Dentistry responds – community engagement in COVID-19
Looking for ways your practice can help during the COVID-19 crisis? Mark Topley looks around to see what the profession has been doing.
Have you been trying to make a difference in your community during COVID-19? Maybe you’ve organised some activities and you’re now wondering what to do next. Perhaps you’ve struggled to know what to do at all?
There’s no doubt that we all have a part to play during the crisis. We can all be ‘helpers’. And as businesses, this is no less of a responsibility. In fact, taking a proactive approach to community engagement through COVID-19 will not only create benefit for our local people, it will also boost your team’s morale and create greater connections with the individuals, groups and organisations that you are a part of.
With the limitations of lockdown, practising dentistry has reduced our ability to help, but it hasn’t eliminated it. In fact, many practices are innovating brilliantly. Many are stepping up support to their partner charities more. Some are doing new things, everyone is playing their part. This post highlights some of the best examples I’ve seen and shared in my CSR Coach Community Facebook Group. At the end, I pose some questions that will help you get started and make a positive difference.
Advocacy is all about speaking up for others and that involves using your communication channels as a way of inspiring and encouraging your community. It’s about posting messages of hope and encouragement on your social media, like Philip Friel Advanced Dentistry in Glasgow. Or pointing people to ways that they can help, like St Michael’s Orthodontics in Wakefield. You could share all important messages about wellbeing and mental health like Moor Park Specialist Dental Care. You can also really help small businesses by sharing their posts and giving them a shout out, like Foregate Dental Clinic in Chester did for one local catering company.
For most of us, lockdown involves being at home, and staying local. But so many fantastic members of the profession are volunteering on the frontline. Like Infinity Blu dentist, Bruce Duguid, who along with many, many others, are going to huge lengths to play their part at the medical frontline.
Many are focusing to help local charities who also find themselves overstretched. Like Town Hall Dental, whose existing partnership with Focus for Hope has gone up several notches. Take a look at their page – it’s an inspiration.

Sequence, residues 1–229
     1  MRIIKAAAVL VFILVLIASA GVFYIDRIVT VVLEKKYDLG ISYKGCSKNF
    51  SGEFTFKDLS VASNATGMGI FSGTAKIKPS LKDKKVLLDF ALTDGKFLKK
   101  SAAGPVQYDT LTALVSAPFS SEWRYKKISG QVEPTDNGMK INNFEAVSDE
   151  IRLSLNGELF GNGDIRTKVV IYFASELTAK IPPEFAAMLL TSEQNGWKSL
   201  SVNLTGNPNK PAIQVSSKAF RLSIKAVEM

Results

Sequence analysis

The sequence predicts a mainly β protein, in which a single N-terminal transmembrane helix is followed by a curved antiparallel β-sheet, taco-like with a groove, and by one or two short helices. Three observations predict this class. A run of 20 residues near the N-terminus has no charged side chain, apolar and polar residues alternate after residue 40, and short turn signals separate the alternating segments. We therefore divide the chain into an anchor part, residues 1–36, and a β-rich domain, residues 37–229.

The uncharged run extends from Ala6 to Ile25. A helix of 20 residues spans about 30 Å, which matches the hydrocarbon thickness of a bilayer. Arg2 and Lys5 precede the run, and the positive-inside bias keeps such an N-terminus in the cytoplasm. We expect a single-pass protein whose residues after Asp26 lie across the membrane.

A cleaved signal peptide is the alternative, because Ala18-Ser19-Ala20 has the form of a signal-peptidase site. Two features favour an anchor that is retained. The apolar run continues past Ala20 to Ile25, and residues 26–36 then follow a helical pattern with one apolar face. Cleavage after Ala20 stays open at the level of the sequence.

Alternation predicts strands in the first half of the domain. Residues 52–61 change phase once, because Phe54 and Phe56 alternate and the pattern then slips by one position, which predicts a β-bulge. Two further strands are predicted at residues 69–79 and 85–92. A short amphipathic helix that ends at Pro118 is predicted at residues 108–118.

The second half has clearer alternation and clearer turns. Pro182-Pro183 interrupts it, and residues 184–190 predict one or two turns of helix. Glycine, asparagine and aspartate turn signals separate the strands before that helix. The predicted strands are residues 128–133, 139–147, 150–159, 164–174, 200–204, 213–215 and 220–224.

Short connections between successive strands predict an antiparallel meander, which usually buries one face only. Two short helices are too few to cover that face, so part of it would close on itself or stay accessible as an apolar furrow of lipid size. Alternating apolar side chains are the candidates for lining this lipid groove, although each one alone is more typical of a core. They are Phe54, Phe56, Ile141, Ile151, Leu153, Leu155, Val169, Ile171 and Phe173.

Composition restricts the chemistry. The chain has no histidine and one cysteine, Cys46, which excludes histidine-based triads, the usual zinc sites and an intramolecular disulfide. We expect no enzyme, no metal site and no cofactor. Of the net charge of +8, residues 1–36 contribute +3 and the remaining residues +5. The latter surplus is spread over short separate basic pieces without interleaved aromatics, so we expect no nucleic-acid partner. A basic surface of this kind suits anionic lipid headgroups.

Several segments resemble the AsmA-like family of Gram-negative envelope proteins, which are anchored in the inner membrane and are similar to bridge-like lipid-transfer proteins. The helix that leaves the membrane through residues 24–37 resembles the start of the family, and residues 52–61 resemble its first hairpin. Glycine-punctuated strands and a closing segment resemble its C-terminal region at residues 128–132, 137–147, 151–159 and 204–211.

Something that covers both advocacy and volunteering is giving blood. Again, St Michael’s Orthodontics in Wakefield have been sharing how their team are helping, and then using that as a way to encourage others to do the same.
Several practices are giving resources and money to support local causes. In particular, PPE is in short supply for care homes and hospices, and so a number of my clients have donated their stock. Like Tiwari Watson Dental Care in Glasgow and also Town Hall Dental, to name just two. They have also donated food to food banks, and helped to organise collections of food to support the same.
These are just a handful of examples of the outstanding ways that dentistry is responding to COVID-19. There are many, many others. If you were unclear before, you now have some great examples on which to base your response.
Where do you start?
The above will have given you a flavour of what others are doing. I hope it inspires and encourages you to take the next steps in how you can help where you live. But if you need some help getting started, these questions will guide you.
- What skills do we have? This isn’t just dental skills – things like driving, administration, listening and other basic skills are all useful. Make a list of what you have in your team
- What resources do we have? Your building is closed for dentistry, but it could be a place for collecting things? Do you have surplus PPE or other resources that others could use
- Who do we know that needs help? Two things here – the people and organisations you definitely know need help, and the ones that you suspect might need help. Track down the local community hubs that are co-ordinating efforts. Contact the organisations close to you and see what real needs you can meet. Don’t go on a hunch – ask. And don’t reinvent the wheel. Wherever possible, add your weight to what existing organisations (who do this kind of work all the time) are doing.
The drive to make a difference, to do something to help is in all of us. For everyone it will look different. We can’t do everything, but with some consideration, effort and connection, we’ll do what we can, and acting together, that makes all the difference.